The Kākā by Bernard Hickey
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Wednesday’s Chorus: The PREFU's missing debt
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Wednesday’s Chorus: The PREFU's missing debt

Treasury sees higher bond debt in PREFU, but misses reporting growing climate, health, productivity & housing debt due to public investment drought in tandem with 2% population growth for 20 years
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Yet again, Treasury has not included the liabilities being stored up for future generations in the form of higher public health, climate, education and housing spending because of the systematic and ongoing underinvestment in infrastructure, relative to population growth. Photo: Lynn Grieveson / The Kākā

TL;DR: Treasury published a PREFU yesterday that exposed the Opposition’s claims about the Government being ‘addicted to spending’ and presiding over a ‘fiscal catastrophe’ as both hollow and dangerous, given these politicians are quite likely to be in charge of those same finances in just over a month, and will need to assure foreign investors the Government’s credit is good.

But the PREFU isn’t all ticketyboo. Yet again, Treasury does not include the very real liabilities being stored up for future generations in the form of higher public health, climate, education and housing spending because of the systematic and ongoing underinvestment in infrastructure, relative to population growth of 1.5% to 2.0% per year, which is being pursued by both sides of politics in an unacknowledged, undebated and unplanned-for way that essentially pulls forward well to today’s voters and stores up climate and health liabilities for renters under 40 and/or yet to be born.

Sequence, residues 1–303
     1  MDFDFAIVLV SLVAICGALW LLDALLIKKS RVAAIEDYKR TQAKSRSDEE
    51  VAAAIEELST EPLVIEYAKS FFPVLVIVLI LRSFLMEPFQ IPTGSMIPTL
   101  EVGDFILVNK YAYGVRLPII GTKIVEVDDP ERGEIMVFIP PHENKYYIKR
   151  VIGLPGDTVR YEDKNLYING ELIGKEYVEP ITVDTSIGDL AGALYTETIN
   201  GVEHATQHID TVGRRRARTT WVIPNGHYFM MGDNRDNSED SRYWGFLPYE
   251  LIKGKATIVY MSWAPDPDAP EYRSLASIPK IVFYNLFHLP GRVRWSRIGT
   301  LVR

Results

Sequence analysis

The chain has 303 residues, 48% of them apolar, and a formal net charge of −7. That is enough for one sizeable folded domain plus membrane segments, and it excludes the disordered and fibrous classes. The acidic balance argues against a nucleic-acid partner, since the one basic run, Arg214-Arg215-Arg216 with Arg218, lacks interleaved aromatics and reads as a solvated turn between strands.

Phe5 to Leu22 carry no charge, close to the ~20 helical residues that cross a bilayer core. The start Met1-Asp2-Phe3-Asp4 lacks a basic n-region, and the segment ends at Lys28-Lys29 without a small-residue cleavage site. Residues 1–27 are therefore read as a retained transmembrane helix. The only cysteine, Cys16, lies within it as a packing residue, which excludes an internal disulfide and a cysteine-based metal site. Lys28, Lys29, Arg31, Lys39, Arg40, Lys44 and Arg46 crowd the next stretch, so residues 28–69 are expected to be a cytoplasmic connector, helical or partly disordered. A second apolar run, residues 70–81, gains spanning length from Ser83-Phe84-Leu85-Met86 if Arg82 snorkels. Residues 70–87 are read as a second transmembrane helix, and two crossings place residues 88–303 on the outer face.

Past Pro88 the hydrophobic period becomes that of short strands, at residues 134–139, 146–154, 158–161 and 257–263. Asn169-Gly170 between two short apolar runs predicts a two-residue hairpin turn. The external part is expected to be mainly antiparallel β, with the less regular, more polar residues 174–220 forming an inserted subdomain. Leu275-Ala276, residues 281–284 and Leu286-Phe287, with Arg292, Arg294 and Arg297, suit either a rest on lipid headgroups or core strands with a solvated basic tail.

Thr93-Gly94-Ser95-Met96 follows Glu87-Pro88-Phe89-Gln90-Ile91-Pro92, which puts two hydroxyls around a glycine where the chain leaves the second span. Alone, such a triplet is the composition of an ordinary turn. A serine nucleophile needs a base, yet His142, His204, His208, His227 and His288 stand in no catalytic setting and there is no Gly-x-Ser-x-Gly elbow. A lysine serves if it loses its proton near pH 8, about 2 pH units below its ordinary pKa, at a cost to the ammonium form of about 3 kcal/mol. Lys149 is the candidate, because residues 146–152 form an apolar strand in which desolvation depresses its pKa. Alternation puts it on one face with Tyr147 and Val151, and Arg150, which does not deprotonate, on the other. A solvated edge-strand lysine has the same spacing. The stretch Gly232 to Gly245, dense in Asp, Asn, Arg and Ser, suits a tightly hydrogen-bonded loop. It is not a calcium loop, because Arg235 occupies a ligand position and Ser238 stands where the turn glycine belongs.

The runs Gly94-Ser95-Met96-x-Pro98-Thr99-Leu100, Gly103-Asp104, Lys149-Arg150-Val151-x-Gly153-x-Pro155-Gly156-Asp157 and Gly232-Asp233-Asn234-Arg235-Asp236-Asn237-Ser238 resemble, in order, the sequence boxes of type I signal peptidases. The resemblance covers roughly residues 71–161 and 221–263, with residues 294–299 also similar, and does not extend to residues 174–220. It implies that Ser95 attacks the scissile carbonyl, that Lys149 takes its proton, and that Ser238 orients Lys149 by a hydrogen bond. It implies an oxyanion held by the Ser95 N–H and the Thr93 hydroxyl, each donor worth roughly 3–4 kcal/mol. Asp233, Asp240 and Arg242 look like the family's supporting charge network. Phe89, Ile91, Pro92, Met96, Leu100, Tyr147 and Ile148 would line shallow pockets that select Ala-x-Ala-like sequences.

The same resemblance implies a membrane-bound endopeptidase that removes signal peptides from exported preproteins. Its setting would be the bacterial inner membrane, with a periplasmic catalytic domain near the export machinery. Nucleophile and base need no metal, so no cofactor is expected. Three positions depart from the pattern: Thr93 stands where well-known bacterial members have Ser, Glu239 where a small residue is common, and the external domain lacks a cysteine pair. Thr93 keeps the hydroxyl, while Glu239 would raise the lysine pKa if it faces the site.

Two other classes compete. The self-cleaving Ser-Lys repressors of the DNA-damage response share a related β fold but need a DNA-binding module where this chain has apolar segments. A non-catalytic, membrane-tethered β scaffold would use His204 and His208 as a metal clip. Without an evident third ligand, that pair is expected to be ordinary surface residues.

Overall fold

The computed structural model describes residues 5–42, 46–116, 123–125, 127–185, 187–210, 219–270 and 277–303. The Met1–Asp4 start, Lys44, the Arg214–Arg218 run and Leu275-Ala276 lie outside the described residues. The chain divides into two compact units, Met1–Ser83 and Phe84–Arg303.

Both sides of politics are betting on higher migration and tax cuts to keep themselves in power, but by doing so are freezing in place an unsustainable structure of our tax system and Government that is starving the nation of investment. In essence, Labour and National are consuming today’s cash profits, rather than reinvesting surpluses to help the young deal with a more difficult future, let alone improve their health and wealth. It’s a selfish, short-sighted and fundamentally sociopathic approach to governing.

Paying subscribers can hear more detail in the podcast above, along with the PDF of a powerpoint presentation. UPDATE: I have now opened this up for listening, reading and sharing for all after requests from paying subscribers.

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Bernard

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The Kākā by Bernard Hickey
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